Use this URL to cite or link to this record in EThOS: http://ethos.bl.uk/OrderDetails.do?uin=uk.bl.ethos.692324
Title: A Salmonella toxin induces persister formation via acetylation of tRNA
Author: Cheverton, Angie
ISNI:       0000 0004 5918 1926
Awarding Body: Imperial College London
Current Institution: Imperial College London
Date of Award: 2016
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Abstract:
Persisters have been identified in almost all free-living bacteria and many obligate intracellular pathogens. Bacterial persisters are transiently tolerant to multiple antibiotics and are thought to be responsible for recurrent infections. The formation of non-growing persisters relies on Toxin-Antitoxin (TA) modules. These are ubiquitous molecular switches controlling bacterial growth via the release of a toxin component, which reversibly interferes with an essential cellular process. Salmonella enterica serovar Typhimurium is an intracellular pathogen that forms persisters to high levels upon internalization by macrophages and relies for that on at least 14 TA modules. Of these, 3 constitute a poorly characterized TA family where the toxin contains a predicted GCN5 N- acetyltransferase domain (GNAT). In this work, I have shown that two of the GNAT TA modules, TA6 and TA8, are bona fide TA modules. Both toxins require the predicted Acetyl Coenzyme A domain to function. T8 acetylates the Nα amine group of the amino acid charged to tRNA molecules. This results in N-blocked translationally incompetent aatRNA leading to inhibition of protein synthesis and growth arrest. T8 is a novel acetyltransferase that dimerizes allowing for positive patches on the surface of the dimer to facilitate tRNA binding. Peptidyl tRNA hydrolase (Pth), recognises and hydrolyses T8-acetylated aatRNAs, allowing for the detoxification of cells producing T8 and thereby resumption of growth marking exit from a persister state.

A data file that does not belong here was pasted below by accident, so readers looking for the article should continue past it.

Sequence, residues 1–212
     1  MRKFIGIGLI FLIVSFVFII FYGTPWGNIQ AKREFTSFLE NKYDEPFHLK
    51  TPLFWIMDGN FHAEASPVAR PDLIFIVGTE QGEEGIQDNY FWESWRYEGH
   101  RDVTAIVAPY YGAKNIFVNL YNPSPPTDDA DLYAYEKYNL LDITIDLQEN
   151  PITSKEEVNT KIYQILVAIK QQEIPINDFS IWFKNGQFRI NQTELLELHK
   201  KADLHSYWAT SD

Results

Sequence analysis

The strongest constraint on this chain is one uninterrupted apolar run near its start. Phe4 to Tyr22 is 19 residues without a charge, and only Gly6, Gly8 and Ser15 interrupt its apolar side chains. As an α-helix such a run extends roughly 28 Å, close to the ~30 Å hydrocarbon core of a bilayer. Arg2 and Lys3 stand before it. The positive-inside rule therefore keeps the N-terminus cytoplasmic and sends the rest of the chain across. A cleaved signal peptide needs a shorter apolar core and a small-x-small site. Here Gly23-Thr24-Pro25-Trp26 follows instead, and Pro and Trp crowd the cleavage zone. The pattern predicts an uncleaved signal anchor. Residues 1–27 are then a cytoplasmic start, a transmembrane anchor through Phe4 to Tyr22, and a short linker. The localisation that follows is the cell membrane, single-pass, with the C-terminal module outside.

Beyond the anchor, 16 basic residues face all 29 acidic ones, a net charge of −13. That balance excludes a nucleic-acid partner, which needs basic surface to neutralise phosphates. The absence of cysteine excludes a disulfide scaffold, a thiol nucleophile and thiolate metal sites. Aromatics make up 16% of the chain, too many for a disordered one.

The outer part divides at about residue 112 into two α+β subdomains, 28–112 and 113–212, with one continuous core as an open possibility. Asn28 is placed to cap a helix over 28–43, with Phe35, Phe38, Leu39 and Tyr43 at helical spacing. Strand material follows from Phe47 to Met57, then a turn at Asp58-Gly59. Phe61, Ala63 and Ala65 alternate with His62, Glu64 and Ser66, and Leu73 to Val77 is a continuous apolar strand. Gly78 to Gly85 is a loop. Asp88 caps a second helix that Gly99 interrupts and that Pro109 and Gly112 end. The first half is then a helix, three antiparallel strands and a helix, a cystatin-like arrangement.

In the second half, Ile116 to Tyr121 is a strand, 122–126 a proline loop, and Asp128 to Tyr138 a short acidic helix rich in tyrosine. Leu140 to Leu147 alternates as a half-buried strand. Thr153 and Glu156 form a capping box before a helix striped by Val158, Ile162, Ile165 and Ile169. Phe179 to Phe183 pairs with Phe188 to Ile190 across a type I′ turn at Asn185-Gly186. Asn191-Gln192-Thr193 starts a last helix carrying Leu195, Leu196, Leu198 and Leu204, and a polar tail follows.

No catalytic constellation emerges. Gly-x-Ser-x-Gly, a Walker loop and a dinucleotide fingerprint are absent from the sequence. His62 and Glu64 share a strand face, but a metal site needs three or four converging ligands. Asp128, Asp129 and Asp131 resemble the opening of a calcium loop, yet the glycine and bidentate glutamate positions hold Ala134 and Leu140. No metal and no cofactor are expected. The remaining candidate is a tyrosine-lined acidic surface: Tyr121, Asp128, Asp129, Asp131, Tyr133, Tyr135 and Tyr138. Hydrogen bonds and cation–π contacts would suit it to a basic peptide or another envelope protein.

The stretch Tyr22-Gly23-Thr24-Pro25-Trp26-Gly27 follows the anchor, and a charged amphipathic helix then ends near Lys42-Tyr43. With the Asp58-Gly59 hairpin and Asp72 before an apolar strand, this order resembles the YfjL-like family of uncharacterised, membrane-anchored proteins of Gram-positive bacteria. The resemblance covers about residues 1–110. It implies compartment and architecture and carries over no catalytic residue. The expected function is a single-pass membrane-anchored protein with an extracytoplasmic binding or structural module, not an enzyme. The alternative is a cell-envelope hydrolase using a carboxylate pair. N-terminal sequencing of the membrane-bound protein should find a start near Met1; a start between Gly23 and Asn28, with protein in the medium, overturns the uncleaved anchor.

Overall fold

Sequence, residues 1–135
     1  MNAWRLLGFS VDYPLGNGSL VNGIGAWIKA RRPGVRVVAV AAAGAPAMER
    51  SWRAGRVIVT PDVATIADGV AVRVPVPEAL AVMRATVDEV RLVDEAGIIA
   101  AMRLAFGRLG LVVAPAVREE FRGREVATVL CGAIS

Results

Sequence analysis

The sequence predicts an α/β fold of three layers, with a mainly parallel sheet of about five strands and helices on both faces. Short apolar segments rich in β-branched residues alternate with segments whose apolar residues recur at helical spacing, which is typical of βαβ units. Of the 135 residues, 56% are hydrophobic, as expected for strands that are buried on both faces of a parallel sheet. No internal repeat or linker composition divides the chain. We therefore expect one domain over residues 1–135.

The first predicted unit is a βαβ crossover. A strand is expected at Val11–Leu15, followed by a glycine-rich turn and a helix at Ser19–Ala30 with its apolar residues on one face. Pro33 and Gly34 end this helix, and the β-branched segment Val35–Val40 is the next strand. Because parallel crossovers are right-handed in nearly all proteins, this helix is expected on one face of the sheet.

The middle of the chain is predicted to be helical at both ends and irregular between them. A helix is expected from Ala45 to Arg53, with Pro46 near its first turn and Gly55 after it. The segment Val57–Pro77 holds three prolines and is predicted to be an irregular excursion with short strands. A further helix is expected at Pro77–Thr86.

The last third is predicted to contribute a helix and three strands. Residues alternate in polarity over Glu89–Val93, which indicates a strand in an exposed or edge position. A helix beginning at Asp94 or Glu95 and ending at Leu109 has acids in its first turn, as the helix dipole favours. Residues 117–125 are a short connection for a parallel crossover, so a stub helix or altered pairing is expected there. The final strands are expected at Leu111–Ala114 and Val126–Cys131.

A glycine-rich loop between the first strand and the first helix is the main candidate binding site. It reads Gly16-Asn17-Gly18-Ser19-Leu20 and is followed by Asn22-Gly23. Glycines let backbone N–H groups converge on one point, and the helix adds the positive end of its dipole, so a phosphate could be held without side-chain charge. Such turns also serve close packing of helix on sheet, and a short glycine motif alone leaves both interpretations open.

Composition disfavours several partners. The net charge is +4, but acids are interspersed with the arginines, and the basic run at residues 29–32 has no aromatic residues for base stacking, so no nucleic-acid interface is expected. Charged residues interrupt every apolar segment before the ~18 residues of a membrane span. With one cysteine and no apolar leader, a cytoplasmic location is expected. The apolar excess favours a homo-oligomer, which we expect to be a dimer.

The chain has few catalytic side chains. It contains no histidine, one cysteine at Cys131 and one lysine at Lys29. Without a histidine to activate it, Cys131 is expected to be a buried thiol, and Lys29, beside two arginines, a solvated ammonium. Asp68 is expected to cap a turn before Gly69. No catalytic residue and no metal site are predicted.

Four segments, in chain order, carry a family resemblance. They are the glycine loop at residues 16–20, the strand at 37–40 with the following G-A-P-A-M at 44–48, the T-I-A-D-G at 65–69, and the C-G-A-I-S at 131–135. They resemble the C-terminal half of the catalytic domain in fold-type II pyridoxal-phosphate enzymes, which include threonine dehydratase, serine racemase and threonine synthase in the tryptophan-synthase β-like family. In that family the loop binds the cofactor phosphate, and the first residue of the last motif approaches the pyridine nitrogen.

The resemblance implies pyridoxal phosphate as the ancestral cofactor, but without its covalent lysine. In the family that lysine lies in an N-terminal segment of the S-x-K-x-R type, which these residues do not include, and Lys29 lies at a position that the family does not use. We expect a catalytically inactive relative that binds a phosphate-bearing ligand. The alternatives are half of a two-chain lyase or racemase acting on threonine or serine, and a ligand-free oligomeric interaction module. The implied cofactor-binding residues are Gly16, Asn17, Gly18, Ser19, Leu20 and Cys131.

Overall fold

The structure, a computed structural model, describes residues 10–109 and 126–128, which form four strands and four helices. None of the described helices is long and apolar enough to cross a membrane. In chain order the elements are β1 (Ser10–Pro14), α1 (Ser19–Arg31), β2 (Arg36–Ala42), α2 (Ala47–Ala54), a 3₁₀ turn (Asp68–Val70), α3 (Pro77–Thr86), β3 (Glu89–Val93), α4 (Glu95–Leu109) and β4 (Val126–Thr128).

Supervisor: Helaine, Sophie ; Holden, David Sponsor: Imperial College London ; Medical Research Council
Qualification Name: Thesis (Ph.D.) Qualification Level: Doctoral
EThOS ID: uk.bl.ethos.692324  DOI: Not available
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